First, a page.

Over the past few years the BMW R series has been a popular choice for custom bike builders around the world. When built right, there’s a lot to love about a stripped-down boxer. Being inspired by the many R80 builds from the likes of Ironwood Motorcycles and Walzwerk, a customer named Alex approached Seba Achaval from Oneyedeer Design with the idea to convert his beloved commuter Beemer into a one-off dream custom bike. What started out as a simple, minimalist build ended up becoming a much larger project.
As soon as winter arrived the R80 was placed on the lift to begin the transformation. After scrolling through Instagram, Alex had found a few R series examples he had fallen in love with and wanted something similar. “There were couple of points that needed to be considered,” recalls Seba. “It had to have a seat large enough for a passenger, and the idea of monolever/monoshock was something that grew big on Alex.”
“So the search for a single side swing-arm, final drive and the wheels started and we got them at RE-PSYCLE; we also found a subframe and seat at Kickstarter.de.” The story takes a sharp turn here: when they purchased the swing-arm it was supposed to be a bolt-on unit, suitable for both the 1984 and 1985 R80. But unfortunately it didn’t fit the ’84 (a dual-shock as opposed to the ’85’s mono-) which was going to cause all kinds of problems.
This posed a whole new set of questions. Should they go back to dual shocks or agree on a new budget and move forward with the original vision for the bike? They decided to go ahead with the original plan for the machine, now christened the ‘Greenpoint Toaster’.
Seba started by chopping the frame and making way for the beefy new swing-arm. “I had to get rid of the huge foot pegs and exhaust muffler brackets, clean all tabs, fabricate from scratch the single shock mount… once all that happened the two seater subframe for the single sided configuration arrived and was fitted with fine tuning. We were able to put the Kickstarter seat on the bike and test fit the IKON shock.”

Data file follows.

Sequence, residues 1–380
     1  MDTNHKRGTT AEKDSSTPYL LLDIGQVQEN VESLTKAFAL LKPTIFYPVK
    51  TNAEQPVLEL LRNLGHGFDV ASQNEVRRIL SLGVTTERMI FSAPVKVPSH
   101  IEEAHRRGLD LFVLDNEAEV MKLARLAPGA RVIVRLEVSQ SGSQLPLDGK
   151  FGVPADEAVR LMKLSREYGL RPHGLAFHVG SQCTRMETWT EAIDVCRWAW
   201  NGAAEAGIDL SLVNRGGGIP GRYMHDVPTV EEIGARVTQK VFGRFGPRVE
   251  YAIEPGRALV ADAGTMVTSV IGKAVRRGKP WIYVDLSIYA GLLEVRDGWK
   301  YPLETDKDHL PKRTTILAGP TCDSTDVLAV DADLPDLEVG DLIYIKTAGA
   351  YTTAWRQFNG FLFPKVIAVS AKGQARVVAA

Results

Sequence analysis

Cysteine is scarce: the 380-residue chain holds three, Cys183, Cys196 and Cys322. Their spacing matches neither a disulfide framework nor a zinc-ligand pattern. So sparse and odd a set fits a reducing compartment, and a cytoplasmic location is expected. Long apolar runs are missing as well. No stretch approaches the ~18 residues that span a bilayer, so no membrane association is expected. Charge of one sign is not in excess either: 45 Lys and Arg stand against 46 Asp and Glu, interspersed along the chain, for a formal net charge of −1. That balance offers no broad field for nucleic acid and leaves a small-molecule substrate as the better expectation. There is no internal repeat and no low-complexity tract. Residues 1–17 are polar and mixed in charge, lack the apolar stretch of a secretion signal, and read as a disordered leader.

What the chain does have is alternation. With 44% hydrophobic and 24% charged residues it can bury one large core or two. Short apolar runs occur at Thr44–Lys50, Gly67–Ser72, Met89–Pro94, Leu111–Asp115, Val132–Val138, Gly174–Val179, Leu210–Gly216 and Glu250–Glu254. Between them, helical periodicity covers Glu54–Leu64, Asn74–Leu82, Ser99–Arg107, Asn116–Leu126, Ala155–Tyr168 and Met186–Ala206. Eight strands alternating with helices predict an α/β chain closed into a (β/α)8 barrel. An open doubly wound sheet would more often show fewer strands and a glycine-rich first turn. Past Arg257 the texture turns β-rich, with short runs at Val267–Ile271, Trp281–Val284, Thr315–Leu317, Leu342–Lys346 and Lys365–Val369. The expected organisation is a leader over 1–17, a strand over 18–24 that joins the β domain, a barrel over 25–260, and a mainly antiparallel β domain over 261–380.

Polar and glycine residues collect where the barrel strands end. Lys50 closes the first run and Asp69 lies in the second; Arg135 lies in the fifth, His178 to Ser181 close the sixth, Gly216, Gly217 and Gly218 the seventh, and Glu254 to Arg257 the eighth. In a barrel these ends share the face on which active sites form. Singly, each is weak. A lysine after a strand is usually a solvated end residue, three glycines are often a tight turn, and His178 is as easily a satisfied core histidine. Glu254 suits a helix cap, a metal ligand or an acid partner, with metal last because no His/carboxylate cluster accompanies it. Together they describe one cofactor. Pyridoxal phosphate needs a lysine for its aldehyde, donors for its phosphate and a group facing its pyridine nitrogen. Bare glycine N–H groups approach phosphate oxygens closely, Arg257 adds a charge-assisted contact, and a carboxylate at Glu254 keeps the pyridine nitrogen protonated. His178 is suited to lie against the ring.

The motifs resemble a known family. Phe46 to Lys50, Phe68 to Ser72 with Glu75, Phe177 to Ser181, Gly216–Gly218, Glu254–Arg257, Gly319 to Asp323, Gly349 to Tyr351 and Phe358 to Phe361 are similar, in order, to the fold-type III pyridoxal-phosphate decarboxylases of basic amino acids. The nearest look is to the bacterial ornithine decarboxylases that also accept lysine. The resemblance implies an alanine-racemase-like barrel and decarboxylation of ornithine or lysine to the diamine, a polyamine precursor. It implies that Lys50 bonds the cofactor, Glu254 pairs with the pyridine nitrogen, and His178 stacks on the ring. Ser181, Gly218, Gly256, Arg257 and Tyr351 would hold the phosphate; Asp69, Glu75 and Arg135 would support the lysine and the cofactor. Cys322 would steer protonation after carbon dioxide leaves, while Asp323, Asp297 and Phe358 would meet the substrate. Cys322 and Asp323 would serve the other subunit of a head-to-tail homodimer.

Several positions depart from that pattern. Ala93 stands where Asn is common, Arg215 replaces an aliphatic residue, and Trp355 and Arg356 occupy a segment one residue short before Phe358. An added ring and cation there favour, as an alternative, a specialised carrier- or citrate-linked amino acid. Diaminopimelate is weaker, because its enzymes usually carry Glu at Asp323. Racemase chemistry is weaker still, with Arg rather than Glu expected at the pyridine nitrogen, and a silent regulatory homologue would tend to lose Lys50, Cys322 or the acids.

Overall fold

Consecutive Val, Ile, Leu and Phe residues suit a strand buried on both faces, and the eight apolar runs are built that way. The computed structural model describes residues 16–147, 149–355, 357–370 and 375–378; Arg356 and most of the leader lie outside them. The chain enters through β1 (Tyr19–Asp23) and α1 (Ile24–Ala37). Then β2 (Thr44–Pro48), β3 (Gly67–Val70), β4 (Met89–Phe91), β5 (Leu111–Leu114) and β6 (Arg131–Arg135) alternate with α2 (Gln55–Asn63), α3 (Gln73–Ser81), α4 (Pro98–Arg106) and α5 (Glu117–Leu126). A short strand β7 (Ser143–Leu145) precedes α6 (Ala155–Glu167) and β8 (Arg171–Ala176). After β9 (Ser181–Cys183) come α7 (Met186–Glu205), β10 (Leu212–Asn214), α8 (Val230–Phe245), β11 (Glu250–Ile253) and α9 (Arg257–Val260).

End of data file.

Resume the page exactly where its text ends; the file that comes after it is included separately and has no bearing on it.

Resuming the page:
The subframe loop holds an LED strip for the tail light. “Raddianz” with smoke lenses was the chosen for brightness and Seba handmade the fine groove where it shows the LEDs. New custom passenger foot pegs were made from scratch, with commuter riding in mind.
This is where the domino effect from the new swing-arm started. “So now that we have the rear wheel all hooked, the snowflake-style front wheel didn’t match the rear, so the 1985 axle came out, and we decided to get new front wheel, as well as a new front end which would be thicker and a better fit. So a whole new front end was installed with a Cognito Moto upper tree and the suspension was lowered by three inches. To get the right look, three sets of tires were ordered and returned until they finally settled on the Heidenau Scout dual sports.”
A Motogadget Chronoclassic for the speedo was sent to Seattle Speedometer to give it the minimalist treatment and was then mounted into the headlight bucket. Seba also simplified the yards of wiring with the M-unit Blue. Also sticking to the minimalist theme, he added an Antigravity battery, Motogadget blinkers and mini switches.
Wanting to keep the handlebars as clean as possible, Seba was able to hide the brake master cylinder underneath the toaster gas tank. “Also, to be able to place a Tomaselli cable lever for both the clutch and front brake, I adapted a Ducati Monster master which is activated by a handmade leverage with a mechanic brake switch light.”
“The engine was in great running condition, so there was not much to do except to rebuild the clutch, a couple of seals and fine tuning after the new deep-sounding Supertrapp mufflers and air filter pods were added.” The beautiful boxer engine and many other parts were given the powder coating treatment in a high-gloss wet black look.
There was something that both Alex and Seba agreed on upfront – regardless of the cost – and that was to use Robbie Nigl from Peach Pit for the paint job. “Robbie felt and understood the vision and the design and delivered perfectly. High-gloss black with gold pearl treatment combined with matte black in the center completed this beautiful motorcycle.”
To finish the bike off, a set of BMW badges that matched the look were found from some BMW car rims and, remarkably, fit perfectly on the R80 tank. The overall project turned out to be much bigger and more expensive than Alex and Seba originally expected, but it is definitely a one-of-a-kind custom Beemer that will now be found on many Instagram pages – just like the ones Alex originally found for inspiration.